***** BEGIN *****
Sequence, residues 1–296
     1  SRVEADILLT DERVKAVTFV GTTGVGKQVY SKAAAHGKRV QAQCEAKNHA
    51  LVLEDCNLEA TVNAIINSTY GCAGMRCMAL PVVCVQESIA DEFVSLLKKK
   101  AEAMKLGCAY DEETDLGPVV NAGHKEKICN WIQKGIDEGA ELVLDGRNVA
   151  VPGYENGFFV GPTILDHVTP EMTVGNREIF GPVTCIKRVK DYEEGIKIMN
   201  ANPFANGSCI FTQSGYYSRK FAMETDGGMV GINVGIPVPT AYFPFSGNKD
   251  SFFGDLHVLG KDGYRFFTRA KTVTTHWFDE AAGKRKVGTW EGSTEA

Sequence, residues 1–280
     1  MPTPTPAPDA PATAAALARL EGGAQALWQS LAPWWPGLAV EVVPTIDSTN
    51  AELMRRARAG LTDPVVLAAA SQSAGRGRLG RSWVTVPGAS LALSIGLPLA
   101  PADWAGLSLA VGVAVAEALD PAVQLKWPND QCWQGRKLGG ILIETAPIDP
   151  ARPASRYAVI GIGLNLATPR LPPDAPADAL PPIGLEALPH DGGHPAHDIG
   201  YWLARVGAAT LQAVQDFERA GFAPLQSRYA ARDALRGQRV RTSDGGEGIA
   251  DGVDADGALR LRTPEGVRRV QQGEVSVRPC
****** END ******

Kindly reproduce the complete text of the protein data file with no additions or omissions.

Sequence, residues 1–296
     1  SRVEADILLT DERVKAVTFV GTTGVGKQVY SKAAAHGKRV QAQCEAKNHA
    51  LVLEDCNLEA TVNAIINSTY GCAGMRCMAL PVVCVQESIA DEFVSLLKKK
   101  AEAMKLGCAY DEETDLGPVV NAGHKEKICN WIQKGIDEGA ELVLDGRNVA
   151  VPGYENGFFV GPTILDHVTP EMTVGNREIF GPVTCIKRVK DYEEGIKIMN
   201  ANPFANGSCI FTQSGYYSRK FAMETDGGMV GINVGIPVPT AYFPFSGNKD
   251  SFFGDLHVLG KDGYRFFTRA KTVTTHWFDE AAGKRKVGTW EGSTEA

Sequence, residues 1–280
     1  MPTPTPAPDA PATAAALARL EGGAQALWQS LAPWWPGLAV EVVPTIDSTN
    51  AELMRRARAG LTDPVVLAAA SQSAGRGRLG RSWVTVPGAS LALSIGLPLA
   101  PADWAGLSLA VGVAVAEALD PAVQLKWPND QCWQGRKLGG ILIETAPIDP
   151  ARPASRYAVI GIGLNLATPR LPPDAPADAL PPIGLEALPH DGGHPAHDIG
   201  YWLARVGAAT LQAVQDFERA GFAPLQSRYA ARDALRGQRV RTSDGGEGIA
   251  DGVDADGALR LRTPEGVRRV QQGEVSVRPC